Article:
Sculptor and collector. Known for bronze animals and monumental equestrian statues, she fused detailed naturalism with lively motion. In Reaching Jaguar (Metropolitan Museum, 1906), a life-size animal perches on the edge of a boulder, endangering its balance with a paw extended downward. Born in Cambridge, Massachusetts, Anna Vaughn Hyatt received her earliest training as a sculptor from her sister Harriet and exhibited forty animal sculptures in her first one-person exhibition, in Boston, before moving to New York in 1902. There she studied for about two years at the Art Students League with George Gray Barnard, Gutzon Borglum, and Hermon MacNeil. From 1903, while sharing a studio, she collaborated with Abastenia St. Leger Eberle on several works. In 1907 she sailed for Europe, where she lived in France and Italy for three years. In Paris in 1910 she modeled her first equestrian statue, the Joan of Arc that she revised and enlarged in 1915 for a site on New York's Riverside Drive. The over-life-size young martyr strikes a defiant pose, standing in her stirrups to raise her sword as her massive horse drives forward. After 1914 she worked mainly in a studio on family property at Annisquam, on the Massachusetts shore, before returning to New York in 1920.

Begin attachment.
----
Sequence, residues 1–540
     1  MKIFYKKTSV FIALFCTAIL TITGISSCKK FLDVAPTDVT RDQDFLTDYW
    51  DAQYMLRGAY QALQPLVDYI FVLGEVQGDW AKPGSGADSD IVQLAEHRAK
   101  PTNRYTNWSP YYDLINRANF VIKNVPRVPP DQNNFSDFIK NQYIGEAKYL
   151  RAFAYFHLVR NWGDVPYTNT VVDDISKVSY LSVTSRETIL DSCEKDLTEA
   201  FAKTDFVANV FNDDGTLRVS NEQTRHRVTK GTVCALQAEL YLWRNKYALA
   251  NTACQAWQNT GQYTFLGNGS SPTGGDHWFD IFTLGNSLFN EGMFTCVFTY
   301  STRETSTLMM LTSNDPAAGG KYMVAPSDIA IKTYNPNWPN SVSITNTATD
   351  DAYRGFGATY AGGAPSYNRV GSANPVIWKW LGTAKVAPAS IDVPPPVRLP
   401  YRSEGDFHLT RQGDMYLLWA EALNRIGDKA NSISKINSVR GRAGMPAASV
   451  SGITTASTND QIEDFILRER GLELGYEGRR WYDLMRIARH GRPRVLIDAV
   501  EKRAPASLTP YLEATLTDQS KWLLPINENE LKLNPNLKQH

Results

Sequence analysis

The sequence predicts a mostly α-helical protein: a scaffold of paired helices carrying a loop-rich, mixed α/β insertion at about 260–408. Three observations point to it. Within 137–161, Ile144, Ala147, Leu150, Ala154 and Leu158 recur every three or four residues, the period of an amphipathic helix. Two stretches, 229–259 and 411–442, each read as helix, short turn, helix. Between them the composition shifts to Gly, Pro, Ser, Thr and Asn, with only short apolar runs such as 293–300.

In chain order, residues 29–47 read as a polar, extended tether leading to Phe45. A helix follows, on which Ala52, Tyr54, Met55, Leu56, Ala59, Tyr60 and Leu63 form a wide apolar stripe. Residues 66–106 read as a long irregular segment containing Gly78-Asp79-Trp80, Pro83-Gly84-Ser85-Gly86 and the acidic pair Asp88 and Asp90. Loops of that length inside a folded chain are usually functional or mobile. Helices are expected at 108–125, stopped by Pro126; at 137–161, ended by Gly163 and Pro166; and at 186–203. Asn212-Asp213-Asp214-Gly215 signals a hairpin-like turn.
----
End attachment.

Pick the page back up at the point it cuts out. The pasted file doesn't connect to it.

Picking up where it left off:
In 1923, on her forty-seventh birthday, she married Archer M. Huntington (1870–1955), heir to a vast railroad fortune, scholar and poet, founder of the Hispanic Society of America, art collector, and philanthropist. After she was diagnosed with tuberculosis four years later, they lived in several salubrious locations as she cured her disease while continuing to work with little interruption. Planning to build a winter home, in 1930 they purchased four South Carolina plantations near Myrtle Beach and the following year, converted much of their nine-thousand-acre parcel into a nature refuge and public sculpture park. Offering, as the couple intended, a representative survey of American figurative sculpture and today a National Historic Landmark, Brookgreen Gardens holds some nine hundred works, displayed in a 350-acre garden as well as indoor galleries. After settling in 1939 on a large farm near Redding, Connecticut, the following year the Huntingtons gave their Manhattan townhouse to the National Academy of Design for use as the organization's headquarters. Having continued to work well into her eighties, she died at the Connecticut estate, now the Collis P. Huntington State Park (named for her father-in-law) where some of her sculptures may be seen. A nephew, widely published art historian A(lpheus) Hyatt Mayor (1901–80), son of her sculptor-sister, Harriet Hyatt Mayor (1868–1960), served as curator of prints at the Metropolitan Museum of Art for twenty years, beginning in 1946. Born in Salem, Massachusetts, his mother produced portrait busts, reliefs, and commemorative medals. She died in Bethel, Connecticut.